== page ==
Mary says she is ‘achy’ and points to her left arm and chest, says she had a chest infection and was ‘on tablets’ and that ‘I am not myself.’ When the nurse asks what she means by this, Mary rubs her abdomen and says that it makes her feel ‘like getting sick’. The nurse observes that Mary has some shortness of breath while she is talking. Mary also says that she is not going for walks anymore, and when the nurse asks why she says it is because the staff walk too fast, she cannot catch up with them and that it makes her ‘feel dizzy’.
Family members who know a person well can contribute to history taking (Martin et al 2012), so having noted that there was nothing in Mary’s health record to indicate she was unwell during her holiday, the nurse telephones Fred, with Mary’s consent and in her presence, to gather more details about this recent illness. Fred says that Mary was breathless and coughing while she was staying with him and that the local GP had prescribed antibiotics. He adds that Mary was not as keen to do activities as she usually was, but he had just put this down to her getting older and ‘being a bit poorly’.
Table 2 gives examples of the communication methods and questions used by the nurse in Mary’s health assessment.
|History and presenting symptoms based on Mary’s responses and her brother’s report
|Use a timeframe Mary understands
|Ask Mary to point to where pain is on her body and observe whether Mary points directly to a specific location and/or a larger area
|Use a familiar reference, for example past medical issues
|Compare with a familiar ‘painful’ experience using a 1-3 rating scale (1=mild, 2=moderate, 3=severe)
|Aggravating factors/associated factors
|Talk through a typical day to determine when the chest pain and stomach discomfort and nausea are worse and to identify possible triggers
|Based on having talked through a typical day, focus on what improves the pain and nausea
|Based on having talked through a typical day, focus on what eases the pain and nausea
Having gained information about the presenting symptoms, the nurse asks Mary if she is happy to continue with the assessment and explains this will involve taking her blood pressure and listening to her chest but that they can stop at any point. Having again gained Mary’s consent, the nurse continues with the assessment focusing on the presenting symptoms (Table 2) and following Mary’s verbal and non-verbal cues. The nurse takes and records Mary’s temperature, blood pressure, pulse, respiration rate and chest auscultation and weight. All observations are within Mary’s normal range and her chest sounds are clear. Mary’s weight has increased by 3kgs over the last two months.
It is important that the nurse provides the type and amount of information that Mary can understand so that she can share in decision-making. The nurse explains to Mary that it does not appear that she has had a chest infection and asks if she has any questions or further concerns about how she is feeling to check her understanding of this.
The nurse then asks Mary if she is happy for her to arrange a visit with her GP to chat about the ache in her arm and chest, which she agrees to. Using pictures, the nurse explains that before the GP visit, she will arrange for Mary to have blood taken and that, depending on the results, the GP may do an electrocardiograph (ECG). Mary has not had an ECG before, so the nurse arranges to bring some easy read information about the procedure and explains that she will go through this with Mary.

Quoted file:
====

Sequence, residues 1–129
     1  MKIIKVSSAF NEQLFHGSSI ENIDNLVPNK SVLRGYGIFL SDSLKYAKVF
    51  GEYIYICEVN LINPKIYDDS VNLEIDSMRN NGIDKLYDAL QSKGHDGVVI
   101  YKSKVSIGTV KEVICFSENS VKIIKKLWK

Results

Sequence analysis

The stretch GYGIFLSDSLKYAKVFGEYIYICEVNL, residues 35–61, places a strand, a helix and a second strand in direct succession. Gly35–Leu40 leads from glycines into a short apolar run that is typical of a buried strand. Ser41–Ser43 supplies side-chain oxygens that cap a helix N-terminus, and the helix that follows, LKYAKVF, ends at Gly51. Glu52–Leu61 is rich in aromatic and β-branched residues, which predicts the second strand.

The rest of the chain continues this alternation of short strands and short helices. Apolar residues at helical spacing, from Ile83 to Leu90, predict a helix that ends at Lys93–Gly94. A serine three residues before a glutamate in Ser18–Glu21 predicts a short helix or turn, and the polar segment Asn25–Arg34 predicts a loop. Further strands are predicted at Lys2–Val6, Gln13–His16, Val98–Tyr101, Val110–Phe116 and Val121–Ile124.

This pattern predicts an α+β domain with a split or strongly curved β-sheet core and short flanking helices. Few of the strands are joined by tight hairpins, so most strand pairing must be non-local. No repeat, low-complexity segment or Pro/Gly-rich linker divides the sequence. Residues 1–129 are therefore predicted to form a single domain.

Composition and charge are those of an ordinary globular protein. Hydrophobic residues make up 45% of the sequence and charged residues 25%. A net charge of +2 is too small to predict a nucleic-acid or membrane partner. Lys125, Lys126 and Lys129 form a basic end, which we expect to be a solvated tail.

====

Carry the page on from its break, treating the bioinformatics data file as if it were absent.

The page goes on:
The nurse thanks Mary for meeting with her and says that if she thinks of any questions, she can telephone her. The nurse returns the completed health records to Mary’s key worker and updates the key worker on what has been agreed.
Communicating with Mary in a safe, private space, using communication methods that match her expressive and receptive communication, including images and references specific to Mary’s life and needs, enabled the nurse to engage Mary in a focused systematic health assessment. Talking to Mary’s brother during the assessment revealed additional information which enabled the nurse to form a differential diagnosis (anaemia, strained chest muscle or cardiac-related condition) and management plan (physical examination, blood tests and ECG to confirm diagnosis, followed by treatment specific to that diagnosis).
Considering Mary’s story, think again about the service user in Time out 4. The key worker believes he may be constipated. How might you undertake a focused, systematic health assessment to identify the presenting symptoms and explore the issue further? Reflect on how you might engage the service user in the process and support him to express his experience of his health issue. What questions might you ask and what communication methods might you use to ensure these are understood? Add your reflections to your written scenario
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Learning disability nurses can assist in reducing the health inequities experienced by people with learning disabilities through early detection of health issues and timely referral for treatment and management. Undertaking a systematic health assessment using skilled communication can engage a service user in the process and enable them to express their views and concerns about their health. Nurses must ensure that they adapt their communication techniques and use communication methods that are appropriate to the person’s expressive and receptive abilities. Undertaking a systematic health assessment can be complex, therefore learning disability nurses can work with more experienced staff to enhance their health assessment skills and liaise with speech and language therapist colleagues to enhance their communication skills.
Identify how the use of communication skills when undertaking a systematic health assessment applies to your practice and the requirements of your regulatory body